Transforming a hospital service to help those most at risk of Covid-19

Communications TeamNews

Hospital nurses are reshaping a specialist service to keep hundreds of patients most at risk from Covid-19 safe during the pandemic.

The Home Ventilation team, based at Castle Hill Hospital, supports more than 300 people with severe health conditions affecting their breathing such as Chronic Obstructive Pulmonary Disease, Motor Neuron Disease, Muscular Dystrophy or spinal injuries. People with very high BMIs who experience breathing difficulties are also part of the group.

Every single person helped by the team is classed as “Extremely Clinical Vulnerable” because Covid-19 poses such a danger to their life and most have been shielding for a year to ensure they do not catch the virus.

Our Home Ventilation Team: (from left) Sarah Constable, Halina Voss-Palmer, Diane Murray and Olivia Hardwick

Diane Murray, who leads the team of three nurses, said the service has introduced virtual clinics and socially distanced face-to-face sessions as well as increasing home visits to patients throughout East and North Yorkshire as well as Lincolnshire to keep them safe and as well as possible.

She said: “They are a very vulnerable group of people and dealing with their conditions during Covid-19 has been very challenging.

“Life has got a lot more complicated for us and our patients, most of whom already on ventilators.

“Our workload has changed significantly and we’ve introduced new ways of working to make sure everyone is as safe as possible.”

Virtual clinics have been introduced so patients don’t have to come to hospital as often for check-ups. However, some patients still have to be seen in person to check their readings or their blood gases and collect data from their equipment.

Patients who have to come to Castle Hill Hospital are seen in a socially distanced environments with full infection prevention and control measures in place, with them and staff wearing the appropriate personal protective equipment (PPE) to keep everyone safe.

However, the team still have to carry out home visits for some patients to carry out what is known as “aerosol generating procedures” such as home mechanical ventilation or cough-assist.

These procedures can be dangerous if the patient has the virus because they can produce infected droplets in the air so the team must wear enhanced PPE including special respirator masks, gowns, gloves and visors to keep them safe.

Diane said: “There’s a lot of “doffing and donning” of PPE on people’s doorsteps these days but it’s what we need to do to keep us and our patients safe. This is particularly challenging in the wind and rain. Patients and families need some clear explanations of why we are wearing the level of PPE that they see on the television in ICUs and Covid Wards when we are in their homes.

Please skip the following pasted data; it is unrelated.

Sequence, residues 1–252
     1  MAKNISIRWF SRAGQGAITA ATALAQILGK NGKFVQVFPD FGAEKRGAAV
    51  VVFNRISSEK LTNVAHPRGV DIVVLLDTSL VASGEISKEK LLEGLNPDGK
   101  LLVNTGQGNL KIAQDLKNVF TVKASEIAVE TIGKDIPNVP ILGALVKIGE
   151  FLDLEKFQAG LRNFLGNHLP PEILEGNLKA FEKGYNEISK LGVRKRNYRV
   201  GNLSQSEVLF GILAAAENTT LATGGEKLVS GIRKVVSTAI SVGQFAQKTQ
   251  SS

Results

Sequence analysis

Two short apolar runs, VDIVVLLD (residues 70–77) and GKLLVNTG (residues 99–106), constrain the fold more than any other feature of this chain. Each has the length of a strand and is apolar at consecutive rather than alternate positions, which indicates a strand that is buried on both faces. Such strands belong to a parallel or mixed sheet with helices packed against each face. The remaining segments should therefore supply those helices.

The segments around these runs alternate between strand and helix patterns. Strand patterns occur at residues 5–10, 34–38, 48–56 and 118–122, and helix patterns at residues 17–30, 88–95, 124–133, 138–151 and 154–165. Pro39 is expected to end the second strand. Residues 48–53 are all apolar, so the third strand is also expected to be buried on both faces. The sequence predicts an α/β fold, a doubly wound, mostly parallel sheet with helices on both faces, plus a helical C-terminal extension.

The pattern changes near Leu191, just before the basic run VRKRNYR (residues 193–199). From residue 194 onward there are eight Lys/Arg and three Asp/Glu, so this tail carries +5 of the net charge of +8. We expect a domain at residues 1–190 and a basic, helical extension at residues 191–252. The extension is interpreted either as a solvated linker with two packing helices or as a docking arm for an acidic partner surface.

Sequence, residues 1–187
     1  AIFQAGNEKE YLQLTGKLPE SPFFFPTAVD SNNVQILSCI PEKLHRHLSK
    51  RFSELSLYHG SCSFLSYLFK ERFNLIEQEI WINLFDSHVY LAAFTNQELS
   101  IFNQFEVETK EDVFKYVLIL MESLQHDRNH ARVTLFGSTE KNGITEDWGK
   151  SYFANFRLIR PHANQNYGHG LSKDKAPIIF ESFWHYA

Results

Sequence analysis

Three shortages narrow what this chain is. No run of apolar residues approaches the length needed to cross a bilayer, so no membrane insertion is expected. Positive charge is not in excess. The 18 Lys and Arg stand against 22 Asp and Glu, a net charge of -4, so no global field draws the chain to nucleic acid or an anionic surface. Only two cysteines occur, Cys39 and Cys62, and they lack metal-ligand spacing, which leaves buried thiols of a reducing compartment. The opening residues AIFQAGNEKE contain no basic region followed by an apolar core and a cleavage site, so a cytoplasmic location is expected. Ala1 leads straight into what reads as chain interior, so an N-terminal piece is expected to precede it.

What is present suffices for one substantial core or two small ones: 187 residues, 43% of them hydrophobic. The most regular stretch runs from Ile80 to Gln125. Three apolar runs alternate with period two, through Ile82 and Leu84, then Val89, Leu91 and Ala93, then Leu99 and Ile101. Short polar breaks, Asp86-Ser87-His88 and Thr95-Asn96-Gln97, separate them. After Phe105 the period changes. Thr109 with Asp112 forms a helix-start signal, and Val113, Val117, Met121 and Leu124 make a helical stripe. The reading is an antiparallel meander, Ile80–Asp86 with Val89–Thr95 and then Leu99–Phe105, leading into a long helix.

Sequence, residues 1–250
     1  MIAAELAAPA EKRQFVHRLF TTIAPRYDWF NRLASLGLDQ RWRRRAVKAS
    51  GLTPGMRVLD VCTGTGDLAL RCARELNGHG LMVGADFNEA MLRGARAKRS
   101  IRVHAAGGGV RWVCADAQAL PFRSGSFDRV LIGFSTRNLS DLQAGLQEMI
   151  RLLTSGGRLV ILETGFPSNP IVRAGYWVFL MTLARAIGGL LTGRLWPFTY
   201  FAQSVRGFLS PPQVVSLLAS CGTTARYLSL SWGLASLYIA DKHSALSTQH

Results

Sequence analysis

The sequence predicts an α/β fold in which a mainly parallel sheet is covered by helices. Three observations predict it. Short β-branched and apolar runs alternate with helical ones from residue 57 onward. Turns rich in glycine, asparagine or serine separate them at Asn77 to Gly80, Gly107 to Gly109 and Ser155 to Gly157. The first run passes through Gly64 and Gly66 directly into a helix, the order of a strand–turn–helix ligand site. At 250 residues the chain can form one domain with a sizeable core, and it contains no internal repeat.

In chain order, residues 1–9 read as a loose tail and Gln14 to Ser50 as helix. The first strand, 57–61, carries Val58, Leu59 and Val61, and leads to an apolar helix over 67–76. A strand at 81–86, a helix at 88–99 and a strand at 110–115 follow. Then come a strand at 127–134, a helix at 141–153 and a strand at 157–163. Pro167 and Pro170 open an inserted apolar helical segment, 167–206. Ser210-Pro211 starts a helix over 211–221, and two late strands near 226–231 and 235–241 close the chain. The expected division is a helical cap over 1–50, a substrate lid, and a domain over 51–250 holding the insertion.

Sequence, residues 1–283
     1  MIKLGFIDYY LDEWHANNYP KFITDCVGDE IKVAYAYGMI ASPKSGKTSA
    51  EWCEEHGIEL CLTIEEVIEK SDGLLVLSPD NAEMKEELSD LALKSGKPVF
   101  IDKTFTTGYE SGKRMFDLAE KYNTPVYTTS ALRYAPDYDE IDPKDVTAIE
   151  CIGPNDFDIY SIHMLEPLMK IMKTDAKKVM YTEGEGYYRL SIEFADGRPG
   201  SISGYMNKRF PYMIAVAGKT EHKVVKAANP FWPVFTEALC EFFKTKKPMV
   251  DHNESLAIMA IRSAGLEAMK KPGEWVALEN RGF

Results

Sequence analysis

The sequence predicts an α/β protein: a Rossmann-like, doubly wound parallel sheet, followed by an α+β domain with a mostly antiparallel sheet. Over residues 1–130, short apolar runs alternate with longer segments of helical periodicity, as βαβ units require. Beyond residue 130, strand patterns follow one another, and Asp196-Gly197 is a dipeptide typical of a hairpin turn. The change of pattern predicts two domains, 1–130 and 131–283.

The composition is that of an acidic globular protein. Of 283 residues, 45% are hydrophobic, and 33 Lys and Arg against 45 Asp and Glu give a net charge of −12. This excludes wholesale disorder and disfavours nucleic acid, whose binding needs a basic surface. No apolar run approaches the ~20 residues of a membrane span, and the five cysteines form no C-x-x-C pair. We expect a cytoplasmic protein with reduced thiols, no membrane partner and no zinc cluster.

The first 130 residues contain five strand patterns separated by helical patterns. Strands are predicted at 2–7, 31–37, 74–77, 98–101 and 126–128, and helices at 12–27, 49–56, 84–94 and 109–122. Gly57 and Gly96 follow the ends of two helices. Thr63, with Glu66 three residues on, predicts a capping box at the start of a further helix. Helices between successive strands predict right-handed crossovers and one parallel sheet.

“They have all been supportive and appear reassured by the measures we are taking to keep them and us safe.

“We’ve received our vaccine now so we’ll have that added layer of protection and our patients have also started receiving the vaccine too because of their clinical vulnerability. We still have to take the precautions with wearing PPE and distance where possible due to the high risk nature of some of the procedures we are performing.

“Sometimes, when we go into the homes of these patients and sit on their sofas, we are the first people they have seen in a very long time because they’ve been shielding at home.”

Diane said patients shouldn’t be worried about coming to hospital for their face-to-face check-ups because of the measures put in place to keep them safe.

“If anyone is worried, I’d ask them to contact the team so we can talk them through the process. It’s really important people keep their appointments and we can always make alternative arrangements for those who aren’t able to come to hospital.

“We also advise our patients to try and wear a mask or face shield if they do have to go out of their homes- they shouldn’t assume because they have a condition that affects their breathing that they cannot wear a mask. Many of our patients are still able to wear masks for short periods and this will help keep them safe.

“Covid-19 is changing how we work and it’s going to be with us for some time yet. The numbers are still higher than the national rate in the areas our patients come from but we are making these changes to keep everyone as safe as possible.”

The Home Ventilation Service can be contacted by calling 01482 624130. You can also email Heyhome.ventilationteam@hey.nhs.uk to get in touch with the team.